My one wish: Why does Google Docs allow browser zoom if it is going to break the interface? Incredibly irritating as I keep accidentally pinching-to-zoom and as far as I can tell you can't disable this in OSX. That's not really Google's fault, but the effect is horrible as it takes forever to the browser (Chrome) to render the app at the new zoom level, and then you have adjust back and wait again.
Love Instagram, a quirky app for sharing photos with vintage filter effects applied to them. However, I find that the killer feature here is that it allows me to share photos on both Facebook and Twitter faster than any other app. Filters were cool but have basically lost their appeal to me.
My one wish: Sharing to both a Facebook account and a Facebook Page at the same time (currently you can only do one or the other).
The breakaway app of 2011 in my opinion. Beluga is amazing at organizing group activities, and it is incredibly viral. You can create a group (called a pod) and add people to it who on the app, or whom you just have a phone number for. Those people then will start getting any message sent to the group (by SMS if they don't have the app, push notification if they do). Beluga makes it incredibly simple to create a group with a bunch of friends and just see if anyone is interested in doing something (I use it to organize pretty much everything from company trips to poker nights). Beluga has literally changed how I plan and find out about social activities; I was actually sad that Facebook bought them last month -- I'm afraid that the acquisition will kill the innovation and active development on the Beluga app.
My one wish: when someone quits your pod it sends everyone in the group a message. When an activity is over, you get a ton of people quitting the group. The messages get annoying after a while.
Obviously you should take this with a grain of salt, as I work on it, but I really love using our new app Socialcam. Socialcam is great because it has changed the way my friends and I use video -- we take actually use it now. Pre-Socialcam, I only took a few videos, and when I wanted to share them I generally just queued it up on my iPhone and handed it to someone. Now, I find it is easier to just take a video and either put it on Twitter / Facebook or send it out via an email (a good tool for making parents feel loved when you are off in Hawaii I've recently discovered). Consequently, I've been taking a lot more video and am excited to share it with friends now, and also to have all this video in the future.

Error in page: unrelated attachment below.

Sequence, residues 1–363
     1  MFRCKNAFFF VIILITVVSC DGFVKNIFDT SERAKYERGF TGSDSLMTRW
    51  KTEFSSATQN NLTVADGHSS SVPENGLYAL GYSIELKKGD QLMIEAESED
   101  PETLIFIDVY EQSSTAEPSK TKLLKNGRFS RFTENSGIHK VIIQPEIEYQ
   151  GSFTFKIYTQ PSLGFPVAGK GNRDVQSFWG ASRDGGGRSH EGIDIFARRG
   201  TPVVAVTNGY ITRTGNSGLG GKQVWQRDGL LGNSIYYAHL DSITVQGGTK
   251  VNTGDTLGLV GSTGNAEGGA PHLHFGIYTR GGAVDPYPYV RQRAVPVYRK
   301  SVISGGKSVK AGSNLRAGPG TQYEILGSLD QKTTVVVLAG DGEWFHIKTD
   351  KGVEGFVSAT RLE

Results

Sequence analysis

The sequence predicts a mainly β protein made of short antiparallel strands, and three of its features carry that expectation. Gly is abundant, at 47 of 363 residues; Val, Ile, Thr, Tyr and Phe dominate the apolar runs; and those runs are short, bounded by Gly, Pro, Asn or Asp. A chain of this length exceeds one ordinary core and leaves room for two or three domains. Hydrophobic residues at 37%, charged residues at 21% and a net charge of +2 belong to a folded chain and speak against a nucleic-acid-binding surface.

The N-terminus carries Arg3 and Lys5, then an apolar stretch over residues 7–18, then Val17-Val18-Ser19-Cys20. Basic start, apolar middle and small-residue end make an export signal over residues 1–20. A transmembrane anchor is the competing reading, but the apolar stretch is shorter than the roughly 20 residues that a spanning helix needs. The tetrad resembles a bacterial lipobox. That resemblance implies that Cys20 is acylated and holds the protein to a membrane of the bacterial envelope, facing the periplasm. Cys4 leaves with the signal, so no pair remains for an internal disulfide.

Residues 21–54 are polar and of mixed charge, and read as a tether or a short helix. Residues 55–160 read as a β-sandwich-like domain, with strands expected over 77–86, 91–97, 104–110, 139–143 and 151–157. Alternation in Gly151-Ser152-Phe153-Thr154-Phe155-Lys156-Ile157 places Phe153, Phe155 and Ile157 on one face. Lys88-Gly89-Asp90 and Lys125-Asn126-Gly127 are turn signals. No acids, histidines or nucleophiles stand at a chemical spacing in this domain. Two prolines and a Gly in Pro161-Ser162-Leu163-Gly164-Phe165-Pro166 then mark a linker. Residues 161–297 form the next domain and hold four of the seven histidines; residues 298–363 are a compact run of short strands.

My one wish: I've actually got a lot of improvements I want to see in Socialcam, the first of which is much easier sharing. Don't worry, we're working on it :).
I was trying to find client to post to both Twitter and Facebook and Emmett recommended Hootsuite to me (having actually never used it himself). I downloaded it and it was awesome: simple, allows posting to both, link shortening, and status scheduling. As I've been using social media a lot more recently, I've found Hootsuite to be critical in my efforts. Unfortunately, I have some sort of mental block in saying the name properly -- I always want to pronounce it "hoot-suit."
My one wish: Something went wrong when I tried to add multiple Twitter accounts. It was too much trouble to figure out what, but eventually I'd like to.
Overall it seems that I generally use web apps for work related writing and organization, and mobile apps for media creation and social activities. I guess that makes sense, as I'm generally behind a computer when working, and on my phone (or at least with my phone) when I'm out and about.